Subject Re: Oldest Snapshot and Performance Issues
Author Greg Kay
--- In, Helen Borrie <helebor@t...>
> At 06:51 AM 25/10/2005 +0000, you wrote:
> >Hi,
> >
> >We are using Classic server 1.52 on a Linux 8 Gb dual CPU opteron 242
> >with Windows clients. There are about 110 users with 450 connections
> >at peak times. Here is the output of a gstat -h taken during the day:
> >
> >Database header page information:
> > Flags 0
> > Checksum 12345
> > Generation 572988
> > Page size 4096
> > ODS version 10.1
> > Oldest transaction 22951
> > Oldest active 319143
> > Oldest snapshot 317998
> > Next transaction 572981
> > Bumped transaction 1
> > Sequence number 0
> > Next attachment ID 0
> > Implementation ID 19
> > Shadow count 0
> > Page buffers 1000
> > Next header page 0
> > Database dialect 3
> > Creation date Oct 23, 2005 22:24:16
> > Attributes
> >
> > Variable header data:
> > Sweep interval: 0
> > *END*
> >
> >My question is why is the "Oldest snapshot" considerably less than the
> >"Oldest active"? My understanding is that the "Oldest snapshot" should
> >be close to the "Oldest Active".
> Not necessarily. The Oldest Snapshot is transaction number of the
> Active as it was the last time garbage collection was done. You
have your
> sweep interval set to 0, so the only way your oldest snapshot is
going to
> advance is either to run a manual sweep or free up some interesting
> transactions so that cooperative GC has something to work on.
> >Also, assuming we can improve the transaction movement, what else can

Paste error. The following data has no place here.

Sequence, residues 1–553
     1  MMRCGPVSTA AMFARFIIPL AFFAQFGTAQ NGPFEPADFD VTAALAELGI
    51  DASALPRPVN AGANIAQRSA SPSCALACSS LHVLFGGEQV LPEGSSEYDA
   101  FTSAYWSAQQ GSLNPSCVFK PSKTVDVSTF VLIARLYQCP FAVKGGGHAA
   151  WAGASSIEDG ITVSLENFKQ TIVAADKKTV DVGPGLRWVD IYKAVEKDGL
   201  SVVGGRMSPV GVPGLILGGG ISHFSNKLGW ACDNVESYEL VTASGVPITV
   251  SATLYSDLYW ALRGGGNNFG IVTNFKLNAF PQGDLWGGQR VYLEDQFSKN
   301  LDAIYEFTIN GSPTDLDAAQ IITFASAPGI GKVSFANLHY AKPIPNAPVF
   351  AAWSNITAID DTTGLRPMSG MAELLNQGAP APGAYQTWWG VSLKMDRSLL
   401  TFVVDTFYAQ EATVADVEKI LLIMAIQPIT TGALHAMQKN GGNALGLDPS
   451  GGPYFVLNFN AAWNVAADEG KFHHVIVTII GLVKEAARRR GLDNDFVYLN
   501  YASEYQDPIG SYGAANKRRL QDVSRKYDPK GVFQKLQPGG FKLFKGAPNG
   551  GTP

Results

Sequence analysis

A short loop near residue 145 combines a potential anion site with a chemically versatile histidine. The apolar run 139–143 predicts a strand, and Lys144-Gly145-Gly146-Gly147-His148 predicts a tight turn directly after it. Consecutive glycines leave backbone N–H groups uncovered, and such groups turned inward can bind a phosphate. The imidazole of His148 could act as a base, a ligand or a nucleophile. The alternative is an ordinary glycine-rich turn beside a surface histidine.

> >we do to improve performance? We expect 20-30% growth in the number of
> >users per year. Based on the recent article on the Lock Manager in
> >"The Interbase and Firebird Developer Magazine" we have increased the
> >lock manager settings to the maximum with considerable improvement
> >(hash lengths have gone from min 700, avg 800, and max 900, to min 20,
> >avg 40, or max 60, and the mutex wait is down to 2.5%). Is there
> >anything else?
> Possibly find some way to bring the number of users and the number of
> connections closer together? Unlike Superserver (which shares page
> dynamically) Classic allocates a static lump of page cache for each
> connection. You have an unusually high cache allocation set (4K * 1000
> pages, or 4 Mb per connection). Currently your peak time load has
1.8 Gb
> of RAM tied up in page caches. Was this 1000 pages decision based
on any
> load/test metrics, or was it set on the assumption that "more is

The multiple connections are related to legacy applications which we
are slowly removing. Why will bringing down the connection count
improve performance?

At peak periods we are only using 5Gb of the 8Gb currently available
on the server. So we know we are not swapping to disk. It is
interesting that you say 1000 is a high setting for the buffers as we
had been thinking how low it was since it is only 20% of available
memory and about 90% of our queries are indexed retrievals. We have
another 4Gb of memory chips which we are thinking about putting in and
increasing the setting to 2000 or 3000 pages. If it would make more
sense to increase the sort space or one of the other settings we are
certainly up for suggestions. Assuming that we are not swapping to
disk in what case (other than the 10,000 buffer limit) would having a
larger number of pages slow us down?

We have tried to work out how to do an accurate load test but our
system is complex (300 to 400 forms and a few hundred reports) and 110
people can do a lot of different things. We thought about capturing a
days worth of queries via IBMonitor and writing a tool to process the
results but we were having some reliability problems with that much
data going through IBMonitor. Our current transaction load is about
700,000 transactions during the 12 hours of the business day.

> ./heLen